Testing social-cognitive theory to explain physical activity change in adolescent girls from low-income communities

Dewar, Deborah L., Plotnikoff, Ronald C., Morgan, Philip J., Okely, Anthony D., Costigan, Sarah A. and Lubans, David R. 2013, Testing social-cognitive theory to explain physical activity change in adolescent girls from low-income communities, Research quarterly for exercise and sport, vol. 84, no. 4, pp. 483-491, doi: 10.1080/02701367.2013.842454.

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Title Testing social-cognitive theory to explain physical activity change in adolescent girls from low-income communities
Author(s) Dewar, Deborah L.
Plotnikoff, Ronald C.
Morgan, Philip J.
Okely, Anthony D.
Costigan, Sarah A.ORCID iD for Costigan, Sarah A. orcid.org/0000-0003-2566-3276
Lubans, David R.
Journal name Research quarterly for exercise and sport
Volume number 84
Issue number 4
Start page 483
End page 491
Total pages 9
Publisher Taylor & Francis
Place of publication Philadelphia, Pa.
Publication date 2013
ISSN 0270-1367
Keyword(s) accelerometer
health behavior
Adolescent Behavior
Follow-Up Studies
Health Promotion
Motor Activity
Poverty Areas
Psychological Theory
Summary PURPOSE: The aim of this study was to test the hypothesized structural paths in Bandura's social-cognitive theory (SCT) model on adolescent girls' physical activity following a 12-month physical activity and dietary intervention to prevent obesity.

METHOD: We conducted a 12-month follow-up study of 235 adolescent girls (Mage = 13.2 years, SD = 0.4) from 12 secondary schools located in low-income communities. At baseline, participants completed SCT scales related to physical activity (i.e., self-efficacy, intention, parental support, and outcome expectations). At baseline and 12-month follow-up (postintervention), participants wore accelerometers for 7 days. Structural equation modeling was used to determine if Time 1 measures predicted physical activity at 12-month follow-up after adjusting for baseline activity.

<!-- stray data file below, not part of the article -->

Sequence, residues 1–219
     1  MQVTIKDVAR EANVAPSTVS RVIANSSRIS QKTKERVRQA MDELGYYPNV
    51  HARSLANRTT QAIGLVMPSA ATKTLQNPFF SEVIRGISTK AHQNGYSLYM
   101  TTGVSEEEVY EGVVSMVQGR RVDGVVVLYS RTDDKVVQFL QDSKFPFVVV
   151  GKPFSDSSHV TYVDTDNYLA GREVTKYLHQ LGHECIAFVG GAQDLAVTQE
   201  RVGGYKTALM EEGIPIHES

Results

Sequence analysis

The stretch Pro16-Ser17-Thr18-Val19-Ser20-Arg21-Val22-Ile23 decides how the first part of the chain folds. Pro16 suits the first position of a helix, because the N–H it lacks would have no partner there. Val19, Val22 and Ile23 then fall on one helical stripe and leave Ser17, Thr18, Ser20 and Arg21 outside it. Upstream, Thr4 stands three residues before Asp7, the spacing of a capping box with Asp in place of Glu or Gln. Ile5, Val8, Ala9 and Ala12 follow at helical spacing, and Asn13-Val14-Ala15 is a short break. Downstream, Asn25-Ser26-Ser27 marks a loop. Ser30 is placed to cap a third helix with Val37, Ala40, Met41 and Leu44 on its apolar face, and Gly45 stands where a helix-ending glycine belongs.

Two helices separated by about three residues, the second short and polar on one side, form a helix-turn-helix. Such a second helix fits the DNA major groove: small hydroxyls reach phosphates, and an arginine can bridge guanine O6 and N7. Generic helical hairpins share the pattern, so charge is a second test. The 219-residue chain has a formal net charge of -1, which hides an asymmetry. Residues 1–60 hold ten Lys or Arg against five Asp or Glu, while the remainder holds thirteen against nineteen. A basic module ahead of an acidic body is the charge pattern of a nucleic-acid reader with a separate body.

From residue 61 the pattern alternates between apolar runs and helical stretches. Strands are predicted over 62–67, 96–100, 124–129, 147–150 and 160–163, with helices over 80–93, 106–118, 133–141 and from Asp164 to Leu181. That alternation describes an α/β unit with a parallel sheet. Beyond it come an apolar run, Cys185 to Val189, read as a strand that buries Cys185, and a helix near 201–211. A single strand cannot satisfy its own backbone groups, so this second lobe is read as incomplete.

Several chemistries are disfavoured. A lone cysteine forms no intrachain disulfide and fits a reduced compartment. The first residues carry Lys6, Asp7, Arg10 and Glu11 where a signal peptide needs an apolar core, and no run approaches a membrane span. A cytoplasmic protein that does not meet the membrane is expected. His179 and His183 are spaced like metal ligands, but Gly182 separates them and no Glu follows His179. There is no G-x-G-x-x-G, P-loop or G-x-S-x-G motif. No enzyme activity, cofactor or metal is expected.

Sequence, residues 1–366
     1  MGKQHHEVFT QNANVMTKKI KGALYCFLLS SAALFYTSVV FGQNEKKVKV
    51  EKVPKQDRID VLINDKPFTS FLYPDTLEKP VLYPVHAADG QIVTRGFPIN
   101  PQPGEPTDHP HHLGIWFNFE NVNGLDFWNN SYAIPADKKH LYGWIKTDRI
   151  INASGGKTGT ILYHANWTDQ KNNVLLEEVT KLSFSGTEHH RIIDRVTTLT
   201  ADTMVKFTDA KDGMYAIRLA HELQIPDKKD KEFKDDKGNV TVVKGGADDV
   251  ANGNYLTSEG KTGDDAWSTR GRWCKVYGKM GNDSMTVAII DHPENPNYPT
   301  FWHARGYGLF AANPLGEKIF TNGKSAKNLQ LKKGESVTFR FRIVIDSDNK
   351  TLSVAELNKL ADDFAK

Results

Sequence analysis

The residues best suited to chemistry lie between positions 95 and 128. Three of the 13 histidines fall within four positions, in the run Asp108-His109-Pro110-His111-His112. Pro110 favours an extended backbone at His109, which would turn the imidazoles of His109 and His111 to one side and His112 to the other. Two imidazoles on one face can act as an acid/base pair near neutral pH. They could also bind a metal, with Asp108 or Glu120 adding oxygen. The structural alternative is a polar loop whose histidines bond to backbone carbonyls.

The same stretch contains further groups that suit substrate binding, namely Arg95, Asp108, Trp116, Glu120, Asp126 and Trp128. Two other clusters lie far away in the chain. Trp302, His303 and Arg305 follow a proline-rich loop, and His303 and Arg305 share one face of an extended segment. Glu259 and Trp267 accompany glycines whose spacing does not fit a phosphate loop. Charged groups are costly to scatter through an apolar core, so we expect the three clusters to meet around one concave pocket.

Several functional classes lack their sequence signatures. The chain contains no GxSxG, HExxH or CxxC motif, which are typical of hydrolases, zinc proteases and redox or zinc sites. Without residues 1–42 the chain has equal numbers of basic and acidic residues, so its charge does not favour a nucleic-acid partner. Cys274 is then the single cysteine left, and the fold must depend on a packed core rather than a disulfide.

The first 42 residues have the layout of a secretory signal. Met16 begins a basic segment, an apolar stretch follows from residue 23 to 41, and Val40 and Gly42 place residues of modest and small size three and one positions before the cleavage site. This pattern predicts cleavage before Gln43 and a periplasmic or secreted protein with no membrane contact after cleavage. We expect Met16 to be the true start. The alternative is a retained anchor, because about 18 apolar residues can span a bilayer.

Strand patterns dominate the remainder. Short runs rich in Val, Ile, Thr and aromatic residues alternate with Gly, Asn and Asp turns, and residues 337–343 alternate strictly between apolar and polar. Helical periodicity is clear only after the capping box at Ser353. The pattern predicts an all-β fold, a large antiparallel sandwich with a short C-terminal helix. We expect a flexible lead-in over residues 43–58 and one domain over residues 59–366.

RESULTS: The model explained 28% and 34% of the variance in physical activity and intention, respectively. Model fit indexes indicated the data were a good fit to the model; however, only self-efficacy was associated with physical activity at 12 months. There was no support for intention or outcome expectations as proximal determinants of behavior. Self-efficacy was associated with outcome expectations and parental support; however, only outcome expectations predicted intention.

CONCLUSIONS: Current findings indicate a large proportion of the variance for physical activity and intention remains unexplained and that the proposed pathways in the SCT model were not fully supported. Future model testing may need to consider augmentation or integration of theoretical models, which may include ecological components if we are to advance our understanding of physical activity behavior in this subgroup of the adolescent population.
Language eng
DOI 10.1080/02701367.2013.842454
Field of Research 110699 Human Movement and Sports Science not elsewhere classified
1106 Human Movement And Sports Science
1701 Psychology
1302 Curriculum And Pedagogy
Socio Economic Objective 970111 Expanding Knowledge in the Medical and Health Sciences
HERDC Research category C1.1 Refereed article in a scholarly journal
ERA Research output type C Journal article
Copyright notice ©2013, AAHPERD
Persistent URL http://hdl.handle.net/10536/DRO/DU:30086809

Document type: Journal Article
Collections: Faculty of Health
School of Exercise and Nutrition Sciences
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